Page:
Twelve islanders are starting the New Year with a new challenge as they begin their training to become a police officer.
The dozen, who will be joined by four recruits from Guernsey, started their 15-week training course on Saturday as probationary constables.
The recruits, nine men and seven women, have already successfully passed a series of tests and an intensive interview day to qualify for entry to join their respective Force.
All recruits will face a tough programme of formal classroom work, practical tasks and fitness tests. They will also experience working with other agencies which have regular contact with the Police, for example the Ambulance Service and Fire and Rescue.
For the duration of their training they will be in the hands of the Force's training department, run by Inspector Sara Garwood, and will become a familiar sight to Islanders as they get out and about in the community as part of their training.
Inspector Garwood said: "These recruits have already been through a rigorous testing programme to get to this point as we only select the very best from our hundreds of applications, but now the real work begins.
"We have to push the recruits to the limit to ensure they are fully prepared for life as a police officer, often working in difficult conditions and under great pressure.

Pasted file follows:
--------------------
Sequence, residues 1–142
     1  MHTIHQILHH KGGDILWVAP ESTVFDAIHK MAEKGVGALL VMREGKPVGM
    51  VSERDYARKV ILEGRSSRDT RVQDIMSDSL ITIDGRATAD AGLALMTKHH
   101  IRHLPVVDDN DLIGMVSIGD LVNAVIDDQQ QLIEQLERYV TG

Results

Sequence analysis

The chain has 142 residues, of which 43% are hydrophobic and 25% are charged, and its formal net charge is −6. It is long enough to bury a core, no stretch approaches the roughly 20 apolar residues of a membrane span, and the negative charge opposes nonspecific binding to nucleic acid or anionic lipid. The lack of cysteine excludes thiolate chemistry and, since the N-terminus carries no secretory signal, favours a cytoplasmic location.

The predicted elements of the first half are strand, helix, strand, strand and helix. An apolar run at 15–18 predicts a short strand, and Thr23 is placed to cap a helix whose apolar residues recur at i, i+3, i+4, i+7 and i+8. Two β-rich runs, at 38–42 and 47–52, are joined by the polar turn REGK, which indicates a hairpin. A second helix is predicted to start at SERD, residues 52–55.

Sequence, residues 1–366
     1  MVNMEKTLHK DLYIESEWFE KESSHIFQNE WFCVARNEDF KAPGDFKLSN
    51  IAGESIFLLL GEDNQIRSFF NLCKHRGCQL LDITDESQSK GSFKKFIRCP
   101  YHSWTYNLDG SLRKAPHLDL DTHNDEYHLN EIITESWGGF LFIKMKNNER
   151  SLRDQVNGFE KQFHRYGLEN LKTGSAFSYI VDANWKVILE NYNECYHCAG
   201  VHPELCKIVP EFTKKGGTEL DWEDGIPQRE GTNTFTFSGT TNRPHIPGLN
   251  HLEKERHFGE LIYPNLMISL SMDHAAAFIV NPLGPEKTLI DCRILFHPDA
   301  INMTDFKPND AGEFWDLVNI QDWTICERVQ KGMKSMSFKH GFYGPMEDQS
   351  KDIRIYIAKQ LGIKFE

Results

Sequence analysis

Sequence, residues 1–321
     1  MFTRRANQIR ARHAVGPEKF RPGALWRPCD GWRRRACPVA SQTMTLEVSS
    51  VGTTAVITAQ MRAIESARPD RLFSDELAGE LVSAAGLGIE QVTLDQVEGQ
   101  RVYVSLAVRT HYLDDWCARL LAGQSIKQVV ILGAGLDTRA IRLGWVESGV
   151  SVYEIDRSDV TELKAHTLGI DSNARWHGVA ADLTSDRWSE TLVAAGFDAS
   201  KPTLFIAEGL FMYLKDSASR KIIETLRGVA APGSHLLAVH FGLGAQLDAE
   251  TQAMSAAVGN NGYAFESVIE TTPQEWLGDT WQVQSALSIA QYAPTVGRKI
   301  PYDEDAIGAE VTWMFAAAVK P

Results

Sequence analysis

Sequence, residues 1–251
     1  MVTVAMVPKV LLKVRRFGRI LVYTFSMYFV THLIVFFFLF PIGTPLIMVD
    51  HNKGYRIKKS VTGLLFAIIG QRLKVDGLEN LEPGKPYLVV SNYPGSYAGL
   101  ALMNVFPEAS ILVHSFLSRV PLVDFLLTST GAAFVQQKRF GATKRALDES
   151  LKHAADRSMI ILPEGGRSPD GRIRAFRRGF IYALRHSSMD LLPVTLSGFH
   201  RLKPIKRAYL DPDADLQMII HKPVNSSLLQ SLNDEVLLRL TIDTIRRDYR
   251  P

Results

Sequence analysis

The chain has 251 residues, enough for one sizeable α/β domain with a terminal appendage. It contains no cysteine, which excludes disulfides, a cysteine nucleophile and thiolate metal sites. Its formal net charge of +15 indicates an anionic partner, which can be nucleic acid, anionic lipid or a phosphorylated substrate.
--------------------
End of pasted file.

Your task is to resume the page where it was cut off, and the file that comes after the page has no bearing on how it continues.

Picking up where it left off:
"But we also ensure their training is fun and stimulating to reflect life as an officer.
During their 15 weeks the recruits will be given different "real-life scenarios to test their practical skills, for example investigating an incident of shop lifting.
The States of Jersey Police work with local shops to help train the recruits and make the situation as real as possible. Staff and volunteers from around the Force are drafted in to take on the role of thief.
Inspector Garwood continued: "This is just one example of how we work with the community to train our recruits. Our aim is to give them a broad range of challenges during the course so they are fully prepared for life on the job.
Recruits will also be given practical lessons in lifesaving (a new element this year), dealing with road traffic collisions, carrying out a drugs warrant, taking part in an emergency exercise with other emergency services, as well as basics skills like first aid.
If they successfully pass the training course they will then graduate to one of the Force's five shifts where they will be paired with an experienced officer to continue their training.
The training department continue to monitor their progress and give them periodic exams based on local law and police procedures.
Inspector Garwood concluded: "These recruits have a long road ahead to become fully fledged police officers but we know they have the right skills and character for the job and we are looking forward to seeing them develop.